Sonny Rollins: Plus 4

1956 was a hell of a year for Sonny Rollins. Having already recorded a number of memorable dates for the Prestige label, both as a leader and a sideman, ’56 saw the recording of Rollins sessions that became the albums Saxophone Colossus and Tenor Madness, as well as Sonny Rollins Plus 4, which has been reissued as one of Prestige’s Rudy Van Gelder Remasters series.

As with the previously mentioned albums from this year, the final year that Rollins recorded for Prestige, Sonny Rollins Plus 4 is a masterful recording that shows Sonny completely coming into his own as one of the major post-bop tenor saxophonists.

Rollins’ band here is, as usual, not only solid, but capable of matching the tenor man’s inventiveness and intensity at every turn. Clifford Brown is in fine form, as is his oft-times collaborator, drummer Max Roach. Richie Powell, Bud’s younger piano-playing brother, turns in some fine work, and bassist George Morrow, another member of the Brown/Roach contingent, keeps the rhythm section bubbling along. This group of musicians worked together quite a bit in the year or so leading up to this session, and their tightness as a group is well documented here. Three months after this recording was completed Brown would be dead, derailing his iconic collaboration with Roach and cutting off one of the major trumpet voices of all time.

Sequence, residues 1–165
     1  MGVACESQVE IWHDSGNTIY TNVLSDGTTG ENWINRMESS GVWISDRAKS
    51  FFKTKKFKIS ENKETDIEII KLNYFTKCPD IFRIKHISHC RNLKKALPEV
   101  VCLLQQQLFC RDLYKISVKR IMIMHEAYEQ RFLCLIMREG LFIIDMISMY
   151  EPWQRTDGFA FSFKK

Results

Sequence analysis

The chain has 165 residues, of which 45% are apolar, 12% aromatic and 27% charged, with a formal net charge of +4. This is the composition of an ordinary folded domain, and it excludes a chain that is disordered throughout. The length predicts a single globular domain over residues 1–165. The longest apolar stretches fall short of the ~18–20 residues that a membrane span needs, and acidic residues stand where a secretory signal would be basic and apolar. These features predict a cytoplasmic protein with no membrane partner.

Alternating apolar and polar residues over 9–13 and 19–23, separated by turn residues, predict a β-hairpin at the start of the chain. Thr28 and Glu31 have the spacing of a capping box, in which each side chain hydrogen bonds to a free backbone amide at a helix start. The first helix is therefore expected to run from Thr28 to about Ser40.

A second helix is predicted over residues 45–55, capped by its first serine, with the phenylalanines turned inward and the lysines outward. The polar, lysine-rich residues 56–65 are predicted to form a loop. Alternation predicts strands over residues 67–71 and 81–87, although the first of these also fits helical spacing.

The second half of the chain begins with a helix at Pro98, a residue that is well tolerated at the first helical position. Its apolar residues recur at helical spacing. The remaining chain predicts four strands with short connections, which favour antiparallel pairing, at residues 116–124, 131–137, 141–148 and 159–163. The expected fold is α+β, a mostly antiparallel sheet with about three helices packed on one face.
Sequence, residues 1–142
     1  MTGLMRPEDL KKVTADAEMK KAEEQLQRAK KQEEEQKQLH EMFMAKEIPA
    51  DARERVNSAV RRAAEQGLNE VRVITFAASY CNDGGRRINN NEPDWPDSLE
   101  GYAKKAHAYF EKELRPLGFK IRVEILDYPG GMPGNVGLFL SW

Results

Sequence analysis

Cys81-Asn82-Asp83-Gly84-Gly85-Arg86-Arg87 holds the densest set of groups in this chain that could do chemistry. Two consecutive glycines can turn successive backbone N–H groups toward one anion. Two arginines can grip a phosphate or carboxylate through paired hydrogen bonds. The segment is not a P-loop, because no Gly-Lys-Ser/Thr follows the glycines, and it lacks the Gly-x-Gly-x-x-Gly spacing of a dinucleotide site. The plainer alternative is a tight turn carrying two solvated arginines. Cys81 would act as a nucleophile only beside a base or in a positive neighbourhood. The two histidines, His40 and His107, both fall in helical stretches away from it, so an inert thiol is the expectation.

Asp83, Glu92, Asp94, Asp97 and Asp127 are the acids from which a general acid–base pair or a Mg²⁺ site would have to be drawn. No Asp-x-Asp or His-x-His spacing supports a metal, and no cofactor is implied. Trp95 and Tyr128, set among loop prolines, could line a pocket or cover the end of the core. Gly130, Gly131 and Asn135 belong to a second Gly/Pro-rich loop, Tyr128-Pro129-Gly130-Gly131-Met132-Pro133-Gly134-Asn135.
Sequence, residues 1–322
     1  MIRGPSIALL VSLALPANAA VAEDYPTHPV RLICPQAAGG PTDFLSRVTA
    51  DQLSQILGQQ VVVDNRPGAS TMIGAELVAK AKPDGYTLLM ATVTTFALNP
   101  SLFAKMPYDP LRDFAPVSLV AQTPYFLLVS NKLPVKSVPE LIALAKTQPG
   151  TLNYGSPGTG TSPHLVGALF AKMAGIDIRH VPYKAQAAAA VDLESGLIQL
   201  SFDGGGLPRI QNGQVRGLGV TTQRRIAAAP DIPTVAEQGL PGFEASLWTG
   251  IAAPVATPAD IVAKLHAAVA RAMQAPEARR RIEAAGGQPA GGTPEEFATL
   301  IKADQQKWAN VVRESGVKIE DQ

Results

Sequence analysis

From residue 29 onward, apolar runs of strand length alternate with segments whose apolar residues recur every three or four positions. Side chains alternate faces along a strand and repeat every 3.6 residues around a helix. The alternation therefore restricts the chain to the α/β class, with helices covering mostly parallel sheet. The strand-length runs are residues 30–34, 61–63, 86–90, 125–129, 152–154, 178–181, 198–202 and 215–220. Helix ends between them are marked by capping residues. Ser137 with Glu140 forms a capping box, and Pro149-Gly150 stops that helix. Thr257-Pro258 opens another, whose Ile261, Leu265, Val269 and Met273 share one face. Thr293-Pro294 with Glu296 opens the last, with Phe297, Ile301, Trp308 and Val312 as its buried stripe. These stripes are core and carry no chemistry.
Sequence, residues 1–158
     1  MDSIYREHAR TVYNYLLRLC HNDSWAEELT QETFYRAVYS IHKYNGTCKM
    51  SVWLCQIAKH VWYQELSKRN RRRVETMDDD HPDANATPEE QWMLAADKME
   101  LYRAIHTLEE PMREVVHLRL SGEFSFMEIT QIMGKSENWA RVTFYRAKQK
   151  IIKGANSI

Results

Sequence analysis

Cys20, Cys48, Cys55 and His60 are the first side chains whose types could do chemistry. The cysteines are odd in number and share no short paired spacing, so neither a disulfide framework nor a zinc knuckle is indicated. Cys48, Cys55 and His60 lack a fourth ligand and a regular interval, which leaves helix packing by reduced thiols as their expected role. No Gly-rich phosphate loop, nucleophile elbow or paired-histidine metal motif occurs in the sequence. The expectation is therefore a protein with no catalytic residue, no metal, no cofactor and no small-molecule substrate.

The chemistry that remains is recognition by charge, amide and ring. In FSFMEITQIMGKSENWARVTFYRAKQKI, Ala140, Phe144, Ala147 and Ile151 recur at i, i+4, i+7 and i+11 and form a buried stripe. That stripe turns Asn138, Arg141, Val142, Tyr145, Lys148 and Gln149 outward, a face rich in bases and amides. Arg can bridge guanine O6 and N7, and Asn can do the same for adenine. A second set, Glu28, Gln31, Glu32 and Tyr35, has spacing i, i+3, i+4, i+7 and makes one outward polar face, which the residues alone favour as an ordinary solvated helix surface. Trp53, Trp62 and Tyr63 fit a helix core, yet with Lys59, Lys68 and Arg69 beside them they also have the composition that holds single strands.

Three carefully chosen, not frequently heard standards are book ended by two classic Rollins compositions, “Valse Hot” and “Pent-Up House.” “Valse Hot” is just that—it is a waltz, but it feels more like an off-kilter bop burner in a standard time signature. It’s graceful and floating, but not eviscerated.

Rollins demonstrates just what Ira Gitler attempted to illustrate in his chart of influences on major tenor sax players emerging at the time. He is thoroughly indebted to Charlie Parker for his harmonic conception, though he plays not at all like Parker in the note-for-note sweepstakes. But he plays with rhythm in a manner suggestive of Lester Young, hanging in back of the phrase, then catching up with downhill momentum. His sound shows the influence of Coleman Hawkins and Ben Webster, but the sum of all this is what we have come to know and love as a pure expression of Sonny Rollins.

Among the standard songs is an interpretation of Sam Coslow’s “Kiss and Run” that is pretty quick in tempo, and allows Rollins, Brown, and Powell (in that order) to show their bop chops pretty much unadorned. The tempo ratchets up a notch with “I Feel a Song Coming On,” and Roach cooks behind the soloists like a madman. We hear the seeds of the approach that drummers like Paul Motian and Jack DeJohnette would later take; though Roach never abandons the rhythm, he does plenty else as well, providing coloring and punch behind the soloists in a way that few drummers could do at the time.

In a characteristically sharp choice of melodic vehicles, Rollins also tackles “Count Your Blessings Instead of Sheep,” the closest thing to a ballad here, though the tempo is kept at a walking pace. Rollins displays his characteristic warmth while still adding some nice twists and turns to the familiar melody.

Sonny Rollins Plus 4 is an essential recording for anyone seeking to apprehend the roots of the style that he’s continued to successfully explore for the forty years that came after. With characteristically outstanding remastered sound, it’s an essential addition to any burgeoning jazz collection.

Related Links:

Freedom Suite: The History of Sonny Rollins’ Jazz Classic

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